In the midst of the IBM/Gluecode deal there is some JBoss code up for grabs. As Hani points out in his bileblog, there is possibility that the ex-jboss gluecode guys could hand over their JBoss copyrights to IBM. This would create a problem for JBoss because IBM will now own at least a 20% portion of the code. The reactions to the IBM/Gluecode deal have been coming in from the JBoss guys and Bob Bickel extended the following comments from his blog based on this article.
IBM announced it has acquired Gluecode. In so doing, IBM is acknowledging the overwhelming momentum behind open source in general and the success of JBoss in particular.
What we at JBoss see every day is that CIOs want to create strategies around open source. They increasingly trust it to run their core business applications and the technology is available today to support mission-critical deployments. IBM’s embrace of open source will be a shot in the arm for JBoss and the rest of the open source movement.
At the same time, IBM’s acquisition is an overtly defensive move (http://www.nytimes.com/2005/05/10/technology/10blue.html). JBoss is being adopted so rapidly and in such volume (BZ Research reports increases in market usage for JBoss from 13% to 26% to 34% over the past 3 years in terms of production usage) that it is becoming, in effect, the next Linux at the middleware layer. This naturally makes WebSphere (IBM was at 33% in the same study by BZ Research) the next Solaris.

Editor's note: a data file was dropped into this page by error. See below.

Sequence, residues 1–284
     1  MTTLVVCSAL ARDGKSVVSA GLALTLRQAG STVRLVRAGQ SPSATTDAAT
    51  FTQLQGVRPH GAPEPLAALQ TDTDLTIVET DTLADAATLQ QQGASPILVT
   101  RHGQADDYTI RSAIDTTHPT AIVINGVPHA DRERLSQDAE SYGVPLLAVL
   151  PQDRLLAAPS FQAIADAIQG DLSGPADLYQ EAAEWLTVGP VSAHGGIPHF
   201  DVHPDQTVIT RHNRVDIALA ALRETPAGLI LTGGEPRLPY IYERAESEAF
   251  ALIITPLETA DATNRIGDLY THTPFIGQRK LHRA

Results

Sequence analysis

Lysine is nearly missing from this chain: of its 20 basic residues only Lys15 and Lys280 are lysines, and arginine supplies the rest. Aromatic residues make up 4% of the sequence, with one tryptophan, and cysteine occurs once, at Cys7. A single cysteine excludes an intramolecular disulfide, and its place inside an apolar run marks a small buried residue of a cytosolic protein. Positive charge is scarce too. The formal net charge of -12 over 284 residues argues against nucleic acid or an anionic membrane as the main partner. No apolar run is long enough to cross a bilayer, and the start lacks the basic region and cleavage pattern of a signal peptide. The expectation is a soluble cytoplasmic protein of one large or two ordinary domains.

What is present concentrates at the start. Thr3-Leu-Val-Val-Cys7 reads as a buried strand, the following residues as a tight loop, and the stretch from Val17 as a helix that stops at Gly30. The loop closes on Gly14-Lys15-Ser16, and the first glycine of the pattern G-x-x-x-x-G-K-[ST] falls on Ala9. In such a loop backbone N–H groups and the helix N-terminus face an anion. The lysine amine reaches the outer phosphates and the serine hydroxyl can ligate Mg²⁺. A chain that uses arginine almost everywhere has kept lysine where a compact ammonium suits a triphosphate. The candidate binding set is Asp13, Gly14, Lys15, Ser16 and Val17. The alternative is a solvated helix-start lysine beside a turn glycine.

IBM has in many ways welcomed Linux, but is hostile toward open source products that may affect the cash cow that is the WebSphere business. This intent of the acquisition, we believe, is to slow down JBoss and to try, with Geronimo, to capture the high-volume J2EE space.
But IBM is betting on unproven technology. Today, JBoss is the high-volume J2EE leader. The JBoss ecosystem is active and enormous, and as a result we’ve got great technology. We intend to keep our open and large community and ecosystem happy and thriving.
IBM customers should be wary of a potential bait and switch of IBM suggesting Geronimo for low-end deployments, then pushing WebSphere to do the heavy lifting. This is also creating issues for customers and partners who may feel pressured to support yet another application server. We question how robust Geronimo can be given that its backing has primarily come from Gluecode, a company that’s been known for some time to be in financial trouble and lacking in community support (Less than 100 posts in 7 months of existence compared to 3,000 per month on the JBoss forums- http://www.gluecode.com/forums/index.jspa). Geronimo is obviously not J2EE certified. It is obviously low-end. It obviously is not tracking the EJB3 spec. Gluecode has written far less code (for example, in Q4 of last year Geronimo had 800 total new commits, while JBoss had over 7,000). Geronimo also does not offer customers the full vision of the JBoss Enterprise Middleware System.